Setting Up an Aquatic AIM Sample Reach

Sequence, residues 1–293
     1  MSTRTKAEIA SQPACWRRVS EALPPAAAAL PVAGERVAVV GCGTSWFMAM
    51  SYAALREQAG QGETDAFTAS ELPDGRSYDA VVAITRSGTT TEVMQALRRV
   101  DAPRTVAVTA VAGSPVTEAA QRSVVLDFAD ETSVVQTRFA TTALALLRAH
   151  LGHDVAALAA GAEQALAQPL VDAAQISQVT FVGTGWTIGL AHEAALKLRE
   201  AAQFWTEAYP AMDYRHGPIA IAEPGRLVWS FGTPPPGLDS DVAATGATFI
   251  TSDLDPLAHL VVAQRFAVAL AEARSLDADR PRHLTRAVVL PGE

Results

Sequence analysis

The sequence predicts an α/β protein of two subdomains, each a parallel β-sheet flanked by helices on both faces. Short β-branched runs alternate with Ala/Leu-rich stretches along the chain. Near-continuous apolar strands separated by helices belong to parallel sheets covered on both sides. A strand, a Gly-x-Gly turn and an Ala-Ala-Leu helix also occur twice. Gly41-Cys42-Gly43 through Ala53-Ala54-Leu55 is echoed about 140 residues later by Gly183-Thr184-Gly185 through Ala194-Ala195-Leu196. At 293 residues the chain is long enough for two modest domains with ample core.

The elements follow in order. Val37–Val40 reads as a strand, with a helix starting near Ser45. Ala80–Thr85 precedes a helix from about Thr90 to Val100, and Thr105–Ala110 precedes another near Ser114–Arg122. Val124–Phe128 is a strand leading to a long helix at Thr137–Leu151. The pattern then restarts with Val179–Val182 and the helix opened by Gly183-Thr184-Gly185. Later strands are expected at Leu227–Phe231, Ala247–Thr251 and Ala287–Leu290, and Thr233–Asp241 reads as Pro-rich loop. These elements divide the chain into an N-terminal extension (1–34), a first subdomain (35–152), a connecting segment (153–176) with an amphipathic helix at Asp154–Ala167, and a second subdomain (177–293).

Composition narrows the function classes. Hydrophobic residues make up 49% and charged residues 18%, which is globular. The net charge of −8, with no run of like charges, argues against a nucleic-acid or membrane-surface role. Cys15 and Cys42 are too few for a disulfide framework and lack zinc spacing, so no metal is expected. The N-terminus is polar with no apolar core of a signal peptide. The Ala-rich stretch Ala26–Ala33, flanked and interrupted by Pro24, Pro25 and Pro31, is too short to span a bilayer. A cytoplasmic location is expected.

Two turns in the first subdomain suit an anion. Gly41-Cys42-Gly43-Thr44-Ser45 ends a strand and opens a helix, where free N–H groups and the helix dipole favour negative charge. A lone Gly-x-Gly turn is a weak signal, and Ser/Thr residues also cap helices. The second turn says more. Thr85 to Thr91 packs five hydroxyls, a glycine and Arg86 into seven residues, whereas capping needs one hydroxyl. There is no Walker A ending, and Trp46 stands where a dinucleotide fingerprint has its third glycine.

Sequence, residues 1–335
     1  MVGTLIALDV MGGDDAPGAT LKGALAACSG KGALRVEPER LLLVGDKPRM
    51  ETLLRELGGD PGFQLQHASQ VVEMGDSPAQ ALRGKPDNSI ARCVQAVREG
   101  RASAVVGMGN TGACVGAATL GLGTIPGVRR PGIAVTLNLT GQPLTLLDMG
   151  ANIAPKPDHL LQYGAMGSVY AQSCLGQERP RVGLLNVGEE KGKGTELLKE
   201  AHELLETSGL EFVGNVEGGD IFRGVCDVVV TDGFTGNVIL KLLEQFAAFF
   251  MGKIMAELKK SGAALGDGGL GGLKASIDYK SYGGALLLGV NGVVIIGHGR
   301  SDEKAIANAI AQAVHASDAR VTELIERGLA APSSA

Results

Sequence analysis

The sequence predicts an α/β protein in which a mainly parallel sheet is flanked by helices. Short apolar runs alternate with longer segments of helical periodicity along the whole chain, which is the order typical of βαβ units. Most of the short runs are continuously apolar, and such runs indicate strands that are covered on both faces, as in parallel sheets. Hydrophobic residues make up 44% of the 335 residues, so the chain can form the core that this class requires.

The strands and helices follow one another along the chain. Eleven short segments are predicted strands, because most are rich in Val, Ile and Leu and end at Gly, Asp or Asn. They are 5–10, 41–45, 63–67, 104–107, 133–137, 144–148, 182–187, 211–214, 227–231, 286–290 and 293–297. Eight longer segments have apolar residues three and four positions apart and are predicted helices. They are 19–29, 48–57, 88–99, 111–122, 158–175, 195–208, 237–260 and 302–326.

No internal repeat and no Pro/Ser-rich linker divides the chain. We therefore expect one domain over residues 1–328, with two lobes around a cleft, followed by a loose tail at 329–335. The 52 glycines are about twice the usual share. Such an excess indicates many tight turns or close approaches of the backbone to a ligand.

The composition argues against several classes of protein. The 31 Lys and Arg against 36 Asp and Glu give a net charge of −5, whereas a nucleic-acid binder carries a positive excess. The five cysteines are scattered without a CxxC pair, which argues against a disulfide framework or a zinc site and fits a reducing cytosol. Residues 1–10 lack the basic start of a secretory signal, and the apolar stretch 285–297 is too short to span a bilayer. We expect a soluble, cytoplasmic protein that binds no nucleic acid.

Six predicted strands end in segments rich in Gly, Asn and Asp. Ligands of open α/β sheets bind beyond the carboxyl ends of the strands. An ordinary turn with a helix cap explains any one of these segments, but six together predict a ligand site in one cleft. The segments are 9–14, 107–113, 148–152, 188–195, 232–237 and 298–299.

This reach set up video covers what an Aquatic AIM sample reach is, how a sample reach’s length is determined, and how to set up a sample reach. You can find reach set up information in the 1735-2 Field Protocol on pages 18-24. Each year, hundreds of Aquatic AIM sites are sampled throughout the western United States. All of these data are collected within a standardized unit referred to as a sample reach. A sample reach is the total length of a stream where data are collected. Each sample reach is located by a set of GPS points, called the point coordinates, that are the center of the sample reach. Data are collected throughout the reach at 11 main transects and 10 intermediate transects evenly spaced throughout the reach An Aquatic AIM sample reach is designed to capture the variety of habitat complexity that exists within each stream and river system. For example, small streams that have small bankfull widths contain instream habitat, such as pools and riffles, which may vary dramatically over a relatively short distance. In large streams with larger bankfull widths, a pool or riffle may extend for many meters. Therefore, to capture the complexity for each system, the length of an Aquatic AIM sample reach is directly based on a stream or river’s average bankfull width. This means that reach length sampled in this protocol scales commensurately with stream width. The average bankfull width is multiplied by 20 to calculate the reach length. However, regardless of the streams size, reaches must be a minimum of 150 m long to adequately capture habitat diversity. Therefore, the minimum reach length is 150 meters long. The the maximum reach length is 4 kilometers long because this allows for the capture of habitat complexity, but ensures that a site can still be sampled in a reasonable amount of time. For small and medium sized streams with an average bankfull width of 7.5 meters or less, reach length will always be 150 m. For larger streams where average bankfull width is greater than 7.5 meters and less than 200 meters, reach length is 20 times the average bankfull width of the reach. For large rivers where average bankfull is greater than 200 meters, the reach length will always be the maximum reach length which is 4 km. The first step to setting up a sample reach is to walk up and down the stream to examine the stream reach for indicators such as bankfull, floodplain, scour line, and thalweg. Once these features are confidently identified, the bankfull width, or distance between bankfull on the left side and bankfull on the right side of the stream, is measured at five locations. These five measurements will determine the length of the reach. These locations should be areas that have a typical width and are not places where the stream is uncharacteristically wide or narrow. It is also best practice to take these measurements on straight sections of the stream and not on meander bends. Once the five typical bankfull width locations are identified and then measured, they are averaged to determine the reach length. For example, the average bankfull at this reach is 2.03 meters. 2.03 meters times 20 is 40.6 meters, which is less than the minimum reach length of 150 m. If the average bankfull is less than 7.5 meters, the reach length will be 150 meters. In contrast if the average bankfull width is greater than 7.5 meters, let’s say 10.02 meters like on this stream, the reach length will be 20 times 10.02, or 200.4 meters. Once reach length is determined, the reach can be set up. A sample reach contains 11 main transects and 10 intermediate transects equally spaced throughout the reach. Main transects are labeled A through K with A being the most downstream transect and K being the most upstream transect. A and K are the barriers of the reach and define the top and bottom of the sampling area. The original point coordinates correspond to the middle transect, transect F. This point remains the center of the sampled section of river or stream. Main transect spacing is calculated by taking the total reach length and dividing by ten. For example, in a small stream with a reach length of 150 meters, main transects will be 15 meters apart. In a larger stream that has a total reach length of 400 meters, main transects will be 40 meters apart. Intermediate transects are located ½ way between main transects To locate the intermediate transects, divide the transect spacing by half and place them between each main transect. For example, a stream with 40 meter spacing between main transects would have intermediate transects located every 20 meters. If thalweg is being collected, intermediate transects can also be located during thalweg collection. Starting from F and moving up or down stream, transects are measured along the thalweg and using a measuring tape. The tape is allowed to follow the thalweg and is not held taught. This may require allowing the tape to rest in the stream flow or is woven through vegetation. Each transect is then marked with two flags labeled with their corresponding transect letter, one on each bank. This process is continued up or down the reach until the top or bottom half of the reach is completely set up. After returning to the F transect, the same process is followed, but this time in the opposite direction from the center of the reach. When a transect is setup, it is important that each set of transect flags is placed so that an imaginary line connecting them perpendicularly intersects the thalweg. Where should the left bank flag in this photo be placed so that the transect is perpendicular to the thalweg? Option A is the correct answer. Once the reach is set up and the transect flags are placed, Aquatic AIM sampling can begin.

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